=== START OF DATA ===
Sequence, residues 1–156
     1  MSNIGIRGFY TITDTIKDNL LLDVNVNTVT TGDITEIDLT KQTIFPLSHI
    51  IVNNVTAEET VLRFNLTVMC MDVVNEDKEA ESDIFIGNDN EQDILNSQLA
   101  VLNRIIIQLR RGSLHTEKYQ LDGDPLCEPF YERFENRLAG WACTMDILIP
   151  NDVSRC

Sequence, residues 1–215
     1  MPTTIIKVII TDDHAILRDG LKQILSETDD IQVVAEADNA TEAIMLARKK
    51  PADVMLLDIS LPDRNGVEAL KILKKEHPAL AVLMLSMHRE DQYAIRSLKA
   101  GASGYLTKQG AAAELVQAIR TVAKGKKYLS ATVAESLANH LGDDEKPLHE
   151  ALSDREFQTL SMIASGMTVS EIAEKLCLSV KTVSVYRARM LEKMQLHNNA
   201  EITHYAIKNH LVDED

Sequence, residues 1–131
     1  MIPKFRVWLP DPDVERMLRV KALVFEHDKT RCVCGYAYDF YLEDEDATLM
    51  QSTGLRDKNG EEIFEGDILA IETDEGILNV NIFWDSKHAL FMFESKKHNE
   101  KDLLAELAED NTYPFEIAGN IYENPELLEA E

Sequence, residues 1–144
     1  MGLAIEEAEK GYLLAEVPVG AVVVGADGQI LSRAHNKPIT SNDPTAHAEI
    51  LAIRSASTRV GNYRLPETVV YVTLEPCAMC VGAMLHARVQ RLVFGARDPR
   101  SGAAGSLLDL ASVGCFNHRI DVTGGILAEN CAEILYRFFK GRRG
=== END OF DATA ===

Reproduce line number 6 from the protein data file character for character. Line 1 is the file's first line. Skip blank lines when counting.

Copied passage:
Sequence, residues 1–215